As the Kedron delegate for the Mayors Youth Advisory council I have noticed that now currently, parents view a child’s 13th birthday with doom and gloom. When the fact is, they might be doing themselves and their teenagers a disservice. Although teens have a longstanding reputation of being rebellious, lazy, moody and antisocial it is crucial to remember that this stereotype does not apply to all teenagers! Stereotyping teens behaviour can have an unfortunate effect, that can lead to long-term negative effects. We need to help lift this weight off their shoulders, to help them be the best that they can be and here are some reasons why.
Too often I hear adults commenting on today’s youth in a negative manner: too much technology, lazy, disrespectful, oblivious to the world around them. The list goes on and on. Teens like myself are hearing these negative stereotypes constantly, and it is having a huge impact on our minds and the way we view ourselves and others. It was only until recently that this theory was proven when the National Association of Social Workers said that: generalizing or stereotyping teen behaviour can have negative effects for teens within the community. For example, small convince stores often limit the number of students that can enter at one time, as the owners fear theft. But in fact, 10 adults at the age of 30 and up, yet they are just as capable or even more capable of stealing items. These stereotypes send a strong message of distrust or even dislike to teenagers. If teens are constantly stereotyped with this burden of being bad then chances are, we will live up to it, but if we take away the blaming, the stereotypes the impossibly low or high expectations, then you would be surprised what we are capable of.
According to new research by Professor of Psychology Christy Buchanan of Wake Forest University found that adolescents whose mothers expected them to take more risks and be more rebellious reported higher levels of risk-taking behaviour than their peers one year later. The same was true for adolescents’ negative expectations. “Higher expectations for risk-taking and rebelliousness predict higher levels of problem behaviour, even controlling for many other predictors of such behaviour”,” Buchanan says.” According to her writings, there are multiple ways that youth stereotypes can be developed. The way we think creates stereotypes: Categorizing people into groups. The way we remember creates stereotypes: The inferences we make creates stereotypes, by assuming the person equals a role. Despite what we hear from the current generating of teenagers like “screen ages” and “generation me “mission Australia’s annual surveys of thousands of teenagers between the ages of 12- 20 constantly indicate friends and family relationships fall under the top two options for the question what you value most, the other options include ‘a range of screen time devices. Even here in our own school stereotypes are being spread by peers like, you aren’t good enough to do that, being on phones all the time and disobeying teachers. The truth is you are giving the stereotype producers just what they need to say things like teens are screen driven, obnoxious and lazy or can’t be bothered.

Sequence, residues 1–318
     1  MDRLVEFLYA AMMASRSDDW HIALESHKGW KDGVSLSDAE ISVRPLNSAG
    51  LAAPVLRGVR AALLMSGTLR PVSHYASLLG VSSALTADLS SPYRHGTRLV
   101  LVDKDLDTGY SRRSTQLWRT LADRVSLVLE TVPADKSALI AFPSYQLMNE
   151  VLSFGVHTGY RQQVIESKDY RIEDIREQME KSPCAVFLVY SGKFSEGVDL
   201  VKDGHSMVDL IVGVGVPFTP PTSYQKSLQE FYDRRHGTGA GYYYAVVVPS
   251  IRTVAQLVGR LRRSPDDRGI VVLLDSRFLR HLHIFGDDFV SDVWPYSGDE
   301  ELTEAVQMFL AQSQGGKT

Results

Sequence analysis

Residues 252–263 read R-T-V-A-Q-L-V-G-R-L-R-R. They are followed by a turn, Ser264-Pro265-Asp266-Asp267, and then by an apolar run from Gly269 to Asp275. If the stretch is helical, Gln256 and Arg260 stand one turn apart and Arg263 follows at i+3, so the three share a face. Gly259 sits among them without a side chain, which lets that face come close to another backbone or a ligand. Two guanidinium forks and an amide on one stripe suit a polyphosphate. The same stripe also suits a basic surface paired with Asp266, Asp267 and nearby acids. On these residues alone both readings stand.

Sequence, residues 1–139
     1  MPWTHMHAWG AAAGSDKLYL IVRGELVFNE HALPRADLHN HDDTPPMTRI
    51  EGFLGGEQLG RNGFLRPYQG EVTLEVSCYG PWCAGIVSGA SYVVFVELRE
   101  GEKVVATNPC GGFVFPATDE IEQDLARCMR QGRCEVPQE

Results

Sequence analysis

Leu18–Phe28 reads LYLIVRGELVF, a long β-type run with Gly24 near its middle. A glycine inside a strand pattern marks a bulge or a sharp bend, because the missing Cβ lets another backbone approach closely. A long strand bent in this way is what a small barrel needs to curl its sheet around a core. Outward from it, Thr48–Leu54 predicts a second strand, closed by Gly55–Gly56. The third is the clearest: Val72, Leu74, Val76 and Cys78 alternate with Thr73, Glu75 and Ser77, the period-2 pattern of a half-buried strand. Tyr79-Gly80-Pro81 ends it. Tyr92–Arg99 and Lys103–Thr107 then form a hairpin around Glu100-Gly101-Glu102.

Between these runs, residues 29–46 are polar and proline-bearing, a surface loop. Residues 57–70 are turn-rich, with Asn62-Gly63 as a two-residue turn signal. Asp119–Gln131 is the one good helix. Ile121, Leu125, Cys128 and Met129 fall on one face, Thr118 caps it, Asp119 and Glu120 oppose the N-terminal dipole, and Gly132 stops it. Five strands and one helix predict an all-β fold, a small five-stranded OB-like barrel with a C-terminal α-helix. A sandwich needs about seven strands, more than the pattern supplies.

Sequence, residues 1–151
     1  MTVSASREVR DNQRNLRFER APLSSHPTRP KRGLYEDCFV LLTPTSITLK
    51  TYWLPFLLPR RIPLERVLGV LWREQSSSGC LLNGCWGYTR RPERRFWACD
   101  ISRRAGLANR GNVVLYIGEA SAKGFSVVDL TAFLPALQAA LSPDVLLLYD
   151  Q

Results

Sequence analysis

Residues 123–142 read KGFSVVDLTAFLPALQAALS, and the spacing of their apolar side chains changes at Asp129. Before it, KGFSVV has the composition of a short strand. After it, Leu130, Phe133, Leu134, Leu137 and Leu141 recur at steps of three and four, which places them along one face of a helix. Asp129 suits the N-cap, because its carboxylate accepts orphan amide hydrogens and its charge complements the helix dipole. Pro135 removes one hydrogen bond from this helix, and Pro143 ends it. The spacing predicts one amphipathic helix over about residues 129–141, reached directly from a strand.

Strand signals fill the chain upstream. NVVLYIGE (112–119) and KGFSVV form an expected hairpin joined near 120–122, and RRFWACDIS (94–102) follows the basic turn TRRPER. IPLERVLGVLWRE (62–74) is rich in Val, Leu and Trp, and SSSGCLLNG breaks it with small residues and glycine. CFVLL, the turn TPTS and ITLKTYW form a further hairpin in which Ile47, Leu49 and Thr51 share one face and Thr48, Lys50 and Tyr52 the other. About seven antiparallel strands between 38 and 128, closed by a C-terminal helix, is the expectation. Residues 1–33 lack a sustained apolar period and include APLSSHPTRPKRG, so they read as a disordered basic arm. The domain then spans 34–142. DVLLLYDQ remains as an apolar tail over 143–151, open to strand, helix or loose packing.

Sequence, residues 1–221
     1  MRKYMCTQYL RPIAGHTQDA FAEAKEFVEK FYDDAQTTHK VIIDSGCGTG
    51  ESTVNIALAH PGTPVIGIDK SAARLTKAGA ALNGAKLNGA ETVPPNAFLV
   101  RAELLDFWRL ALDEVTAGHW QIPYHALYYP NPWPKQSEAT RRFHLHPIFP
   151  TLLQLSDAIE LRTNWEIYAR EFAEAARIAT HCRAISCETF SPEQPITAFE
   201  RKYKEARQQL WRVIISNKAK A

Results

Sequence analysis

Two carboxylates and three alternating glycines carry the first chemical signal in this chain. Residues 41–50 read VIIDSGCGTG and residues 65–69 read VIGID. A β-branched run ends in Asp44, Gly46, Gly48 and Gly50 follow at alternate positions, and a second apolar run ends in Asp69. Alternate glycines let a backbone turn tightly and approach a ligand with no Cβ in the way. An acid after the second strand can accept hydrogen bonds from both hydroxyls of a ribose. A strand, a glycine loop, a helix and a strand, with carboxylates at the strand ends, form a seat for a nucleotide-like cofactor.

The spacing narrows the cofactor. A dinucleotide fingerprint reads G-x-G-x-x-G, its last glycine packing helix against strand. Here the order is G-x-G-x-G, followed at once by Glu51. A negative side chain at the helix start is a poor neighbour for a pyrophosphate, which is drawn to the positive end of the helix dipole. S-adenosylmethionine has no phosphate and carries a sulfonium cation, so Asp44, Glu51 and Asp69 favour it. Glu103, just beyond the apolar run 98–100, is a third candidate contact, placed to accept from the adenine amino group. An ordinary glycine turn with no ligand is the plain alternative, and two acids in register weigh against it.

As the Kedron delegate for the Lord Mayors Youth Advisory Council, I will try my hardest to let teens unleash their inner selves whether it be, creative, sporty, academic or social, let them be the best they can be, by giving them the freedom of choice to choose whom they want to be. You yourself as the council have the power, to initiate change; and if, they make the wrong choice, don’t take it out on all teenagers alike; help them and I am sure that together we can make a world where stereotypes don’t exist. By doing this we will be helping teens to unleash their potential, by removing the negative stereotypes we are lifting a weight of their already heavy shoulders.